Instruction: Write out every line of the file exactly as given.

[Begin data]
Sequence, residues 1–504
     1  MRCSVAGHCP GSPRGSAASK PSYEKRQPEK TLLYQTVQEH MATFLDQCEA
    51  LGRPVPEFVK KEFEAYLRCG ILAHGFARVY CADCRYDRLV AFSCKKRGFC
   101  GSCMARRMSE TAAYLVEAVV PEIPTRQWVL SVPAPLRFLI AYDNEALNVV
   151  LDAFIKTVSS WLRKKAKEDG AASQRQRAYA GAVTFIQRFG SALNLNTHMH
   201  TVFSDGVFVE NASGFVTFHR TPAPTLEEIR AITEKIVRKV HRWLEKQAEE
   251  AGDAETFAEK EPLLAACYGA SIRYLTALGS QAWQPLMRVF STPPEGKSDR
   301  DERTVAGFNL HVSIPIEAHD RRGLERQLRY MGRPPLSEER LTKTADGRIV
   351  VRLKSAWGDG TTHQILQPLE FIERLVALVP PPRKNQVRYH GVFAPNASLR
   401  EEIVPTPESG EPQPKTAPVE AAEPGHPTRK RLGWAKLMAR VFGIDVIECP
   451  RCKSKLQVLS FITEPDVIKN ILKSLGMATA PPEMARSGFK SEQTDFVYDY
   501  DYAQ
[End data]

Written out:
Sequence, residues 1–504
     1  MRCSVAGHCP GSPRGSAASK PSYEKRQPEK TLLYQTVQEH MATFLDQCEA
    51  LGRPVPEFVK KEFEAYLRCG ILAHGFARVY CADCRYDRLV AFSCKKRGFC
   101  GSCMARRMSE TAAYLVEAVV PEIPTRQWVL SVPAPLRFLI AYDNEALNVV
   151  LDAFIKTVSS WLRKKAKEDG AASQRQRAYA GAVTFIQRFG SALNLNTHMH
   201  TVFSDGVFVE NASGFVTFHR TPAPTLEEIR AITEKIVRKV HRWLEKQAEE
   251  AGDAETFAEK EPLLAACYGA SIRYLTALGS QAWQPLMRVF STPPEGKSDR
   301  DERTVAGFNL HVSIPIEAHD RRGLERQLRY MGRPPLSEER LTKTADGRIV
   351  VRLKSAWGDG TTHQILQPLE FIERLVALVP PPRKNQVRYH GVFAPNASLR
   401  EEIVPTPESG EPQPKTAPVE AAEPGHPTRK RLGWAKLMAR VFGIDVIECP
   451  RCKSKLQVLS FITEPDVIKN ILKSLGMATA PPEMARSGFK SEQTDFVYDY
   501  DYAQ